What of National SAIF?

Well, that takes care of Scotland and its members, so what of the SAIF members in England, Wales and Northern Ireland, who are not legally bound by such regulations?

It could be argued that since Scotland has its own Executive, manages its own finances, makes its own rules and decides on its own membership criteria it could stand alone and have a higher standards requirement from other members. While this may seem acceptable within SAIF, how would it be regarded by other organisations and members of the public? They may see SAIF as one National organisation and find it strange that it should have two different standards, one higher than the other.

Therefore, the question National needs to consider over the next 24 months is: ‘Should National SAIF make the higher Scottish Code of Practice regulations a requirement for all members?’

If it decides against, we will have two different Quality Assurance Programmes, two Codes of Practice, two membership criteria. This will then demonstrate a clear divide between National members (England, Wales and Northern Ireland) and those in Scotland.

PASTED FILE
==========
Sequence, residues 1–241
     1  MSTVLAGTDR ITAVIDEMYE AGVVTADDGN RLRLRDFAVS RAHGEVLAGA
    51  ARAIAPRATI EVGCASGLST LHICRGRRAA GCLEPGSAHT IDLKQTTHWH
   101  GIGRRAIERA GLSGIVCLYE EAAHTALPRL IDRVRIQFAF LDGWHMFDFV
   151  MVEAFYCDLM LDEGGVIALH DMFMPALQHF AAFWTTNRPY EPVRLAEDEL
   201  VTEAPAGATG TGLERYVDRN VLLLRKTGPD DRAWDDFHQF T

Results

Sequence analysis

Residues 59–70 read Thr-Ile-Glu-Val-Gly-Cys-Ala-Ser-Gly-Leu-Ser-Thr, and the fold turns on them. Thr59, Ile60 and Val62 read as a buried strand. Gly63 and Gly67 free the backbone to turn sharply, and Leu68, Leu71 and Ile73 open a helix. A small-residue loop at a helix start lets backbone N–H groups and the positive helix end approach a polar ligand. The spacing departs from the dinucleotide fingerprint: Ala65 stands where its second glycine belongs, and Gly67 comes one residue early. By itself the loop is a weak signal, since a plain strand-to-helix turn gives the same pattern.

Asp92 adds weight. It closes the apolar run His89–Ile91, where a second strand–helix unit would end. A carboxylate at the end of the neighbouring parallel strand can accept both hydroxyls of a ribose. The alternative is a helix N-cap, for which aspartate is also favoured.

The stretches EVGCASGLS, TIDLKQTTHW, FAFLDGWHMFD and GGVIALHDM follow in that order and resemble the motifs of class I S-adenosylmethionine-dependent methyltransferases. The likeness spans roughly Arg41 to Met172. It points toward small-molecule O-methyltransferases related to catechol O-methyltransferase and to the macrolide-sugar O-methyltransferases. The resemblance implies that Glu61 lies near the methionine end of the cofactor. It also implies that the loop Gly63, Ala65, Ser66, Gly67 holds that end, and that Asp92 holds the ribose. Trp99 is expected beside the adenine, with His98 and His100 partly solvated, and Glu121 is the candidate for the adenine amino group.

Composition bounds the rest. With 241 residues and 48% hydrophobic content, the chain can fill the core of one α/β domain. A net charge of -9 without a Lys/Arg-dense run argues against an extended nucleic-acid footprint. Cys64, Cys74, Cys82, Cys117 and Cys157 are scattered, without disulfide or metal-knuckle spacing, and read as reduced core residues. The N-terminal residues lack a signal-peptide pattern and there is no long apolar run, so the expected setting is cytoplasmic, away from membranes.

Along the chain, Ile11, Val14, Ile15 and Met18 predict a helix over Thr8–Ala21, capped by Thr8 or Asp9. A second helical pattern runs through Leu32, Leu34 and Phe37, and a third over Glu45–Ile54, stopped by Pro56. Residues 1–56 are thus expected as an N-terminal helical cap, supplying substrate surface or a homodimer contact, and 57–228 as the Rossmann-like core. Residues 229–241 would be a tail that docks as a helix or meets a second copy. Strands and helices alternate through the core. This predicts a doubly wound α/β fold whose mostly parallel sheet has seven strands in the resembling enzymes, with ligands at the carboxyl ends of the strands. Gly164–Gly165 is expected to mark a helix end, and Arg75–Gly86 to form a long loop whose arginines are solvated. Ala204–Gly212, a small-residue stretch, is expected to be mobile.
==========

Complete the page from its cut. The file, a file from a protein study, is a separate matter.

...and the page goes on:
This is not the end, it is only the beginning. The Parliament in Wales will follow as will Stormont and Westminster and we know the Republic of Ireland is considering regulations.

Unless National SAIF takes a pragmatic view of the future and moves towards accepting whatever is the highest standard and inaugurating this for all members, it runs the risk of creating a fragmented organisation with different standards in each country. This will lead to the demise of National SAIF and the strength and support required by independent funeral directors of a united organisation.